Footage

In case anyone might be skeptical of my results, I decided to upload all 183 hours of footage onto YouTube. I had to break it into 16 segments due to size limits on YouTube.

Yeast-based mosquito control devices

If you’re even remotely interested in killing mosquitoes, you’ve probably seen ads for plastic tubes that are filled with water, sugar, and yeast. The marketing pitch is that the thousands of mosquitoes lurking in your yard will be drawn to the devices by carbon dioxide (emitted by yeast when it consumes sugar), then will all enter the device through tiny holes at the top, ingest some of the fluid inside (because mosquitoes forage for sweet liquids like nectar), squeeze back out of the tube through the same holes, and then die due to the effects of a chemical (table salt, boric acid, garlic oil, etc.) dissolved in the fluid. According to marketing claims, these tubes will completely rid your yard of mosquitoes for months.

Below are details on the eight such devices currently marketed in the United States.

Spartan Mosquito Eradicator

First sold in 2016 as the Spartan Mosquito Bomb, the company says these tubes will eradicate mosquito populations for up to 90 days. Active ingredient is table salt. Company is based in Hattiesburg, Mississippi and was founded by Jeremy Hirsch (a Which Wich? Superior Sandwiches franchisee) and Chris Bonner (works at chemical testing company). It can be purchased on Amazon and in many rural feed and hardware stores across the country. Here is a commercial about the device. It is no longer being marketed, it appears.

Spartan Mosquito Eradicator

Sock-It Skeeter

Produced by the same company (AC2T, Inc.) that makes the Spartan Mosquito Eradicator. Likely also contains sodium chloride. Here is a commercial about the device. I’m not sure whether this device is still sold.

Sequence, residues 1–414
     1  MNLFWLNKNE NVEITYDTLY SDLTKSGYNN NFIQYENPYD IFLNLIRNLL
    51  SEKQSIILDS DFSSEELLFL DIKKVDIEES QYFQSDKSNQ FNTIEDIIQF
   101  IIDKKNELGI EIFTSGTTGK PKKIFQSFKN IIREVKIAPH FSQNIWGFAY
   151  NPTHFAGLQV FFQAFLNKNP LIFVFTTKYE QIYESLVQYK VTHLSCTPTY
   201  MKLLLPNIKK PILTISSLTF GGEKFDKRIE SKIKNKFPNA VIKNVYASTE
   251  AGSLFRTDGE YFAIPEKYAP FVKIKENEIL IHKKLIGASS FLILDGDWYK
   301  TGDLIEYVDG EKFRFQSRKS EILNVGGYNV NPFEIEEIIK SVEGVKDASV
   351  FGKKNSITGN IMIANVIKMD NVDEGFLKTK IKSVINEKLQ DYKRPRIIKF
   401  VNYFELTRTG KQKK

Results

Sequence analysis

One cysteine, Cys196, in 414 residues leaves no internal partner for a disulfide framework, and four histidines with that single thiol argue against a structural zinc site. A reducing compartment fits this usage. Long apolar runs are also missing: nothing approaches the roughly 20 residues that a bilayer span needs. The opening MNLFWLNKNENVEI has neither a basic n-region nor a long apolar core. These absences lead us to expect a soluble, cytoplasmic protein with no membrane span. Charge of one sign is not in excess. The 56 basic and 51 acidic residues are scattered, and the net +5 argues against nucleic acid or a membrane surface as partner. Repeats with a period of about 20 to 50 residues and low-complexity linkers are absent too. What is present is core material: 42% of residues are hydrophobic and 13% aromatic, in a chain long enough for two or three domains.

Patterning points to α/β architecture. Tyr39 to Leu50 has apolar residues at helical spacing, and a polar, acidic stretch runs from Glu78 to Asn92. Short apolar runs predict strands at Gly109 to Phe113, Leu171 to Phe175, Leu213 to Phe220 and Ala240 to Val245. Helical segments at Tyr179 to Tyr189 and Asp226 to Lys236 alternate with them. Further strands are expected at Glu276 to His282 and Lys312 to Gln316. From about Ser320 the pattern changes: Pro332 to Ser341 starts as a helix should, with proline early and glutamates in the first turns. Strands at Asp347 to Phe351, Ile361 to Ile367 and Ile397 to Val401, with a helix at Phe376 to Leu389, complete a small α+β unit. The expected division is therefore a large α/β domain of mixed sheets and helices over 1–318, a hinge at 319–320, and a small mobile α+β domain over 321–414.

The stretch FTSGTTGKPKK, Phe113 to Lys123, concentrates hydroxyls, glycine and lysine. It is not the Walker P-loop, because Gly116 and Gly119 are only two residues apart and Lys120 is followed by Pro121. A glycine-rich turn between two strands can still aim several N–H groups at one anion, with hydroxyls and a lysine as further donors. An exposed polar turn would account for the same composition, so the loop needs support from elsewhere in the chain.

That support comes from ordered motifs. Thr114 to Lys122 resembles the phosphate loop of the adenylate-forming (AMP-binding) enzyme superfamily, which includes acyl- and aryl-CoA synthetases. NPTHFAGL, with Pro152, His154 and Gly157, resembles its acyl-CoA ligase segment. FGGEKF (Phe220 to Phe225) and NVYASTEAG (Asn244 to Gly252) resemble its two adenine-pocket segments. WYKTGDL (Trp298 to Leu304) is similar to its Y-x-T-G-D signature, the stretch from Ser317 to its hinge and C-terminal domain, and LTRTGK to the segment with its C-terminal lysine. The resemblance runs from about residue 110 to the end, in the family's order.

Sock-It Skeeter

Donaldson Farms Mosquito Eliminator

Marketed to eradicate mosquitoes for 90 days. Owners say that it has “more potent attractants in the lure for the traps than Spartan”. Company is based in Chattanooga, Tennessee, and owned by Jeff Clowdus (owner of JCL Tech LED lighting) and his brother Tim. Available from Amazon and from company website.

Donaldson Farms Mosquito Eliminator

Mosquito XT

Company is based in Paragould, Arkansas, and owned by Kevin King, an insurance broker. Available only from company website.

Mosquito XT

Spartan Mosquito Pro Tech

This device is essentially the same as the Spartan Mosquito Eradicator except that boric acid replaces table salt as the listed active ingredient. Company says it kills mosquito for 30 days. It is sold at hardware and feed stores in most states, plus can be purchased directly from the company. Here’s the commercial (Facebook video).

Spartan Mosquito Pro Tech

Skeeter Eater

Company says it eradicates mosquitoes for 90 days. Distributed by Copia Products (makes baby products) in Memphis Tennessee and is owned by Wade Whitely. Manufactured in Columbia. Sold at Walmart and Ace Hardware in Georgia, Louisiana, Minnesota, and Oklahoma. Sold on Amazon.

Skeeter Eater

Skeeter Hawk Backyard Bait Station

Label lists garlic oil (not salt) as the active ingredient. Described as “highly effective” and providing “chemical free”, “round the clock”, “full-perimeter protection”. Company is part of Alliance Sports Group based in Grand Prairie, Texas. Owned by Larry Easterwood and family. Available from company’s website.

Skeeter Hawk Backyard Bait Station

Mosquito Dynamiter

Owner claims the device will eradicate up to 95% of mosquitoes in 15 days for up to 90 days. Says mosquitoes “literally explode”. It appears to be a black version of its Wasp & Bee Sugar Trap. Made by Vic West Brands based in Austin, Texas, and owned by Nick Olynyk, an expert on junior hockey. Sold online through website and Amazon.

Grandpa Gus's Mosquito Dynamiter

Do any these devices kill mosquitoes?

Only one of the above devices (the Spartan Mosquito Eradicator) has been evaluated by third-party scientists. Here’s the PDF of that journal article — device was determined to be ineffective. More generally, Yee et al. 2020 tested whether salt can kill adult mosquitoes — no.